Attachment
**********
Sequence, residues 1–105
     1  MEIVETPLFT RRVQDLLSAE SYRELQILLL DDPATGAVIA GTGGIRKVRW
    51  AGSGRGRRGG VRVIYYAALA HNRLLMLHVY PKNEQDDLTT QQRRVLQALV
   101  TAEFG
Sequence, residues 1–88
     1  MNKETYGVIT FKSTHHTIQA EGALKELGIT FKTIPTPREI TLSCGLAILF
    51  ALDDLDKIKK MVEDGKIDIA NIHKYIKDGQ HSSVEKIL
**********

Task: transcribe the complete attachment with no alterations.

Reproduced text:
Sequence, residues 1–105
     1  MEIVETPLFT RRVQDLLSAE SYRELQILLL DDPATGAVIA GTGGIRKVRW
    51  AGSGRGRRGG VRVIYYAALA HNRLLMLHVY PKNEQDDLTT QQRRVLQALV
   101  TAEFG
Sequence, residues 1–88
     1  MNKETYGVIT FKSTHHTIQA EGALKELGIT FKTIPTPREI TLSCGLAILF
    51  ALDDLDKIKK MVEDGKIDIA NIHKYIKDGQ HSSVEKIL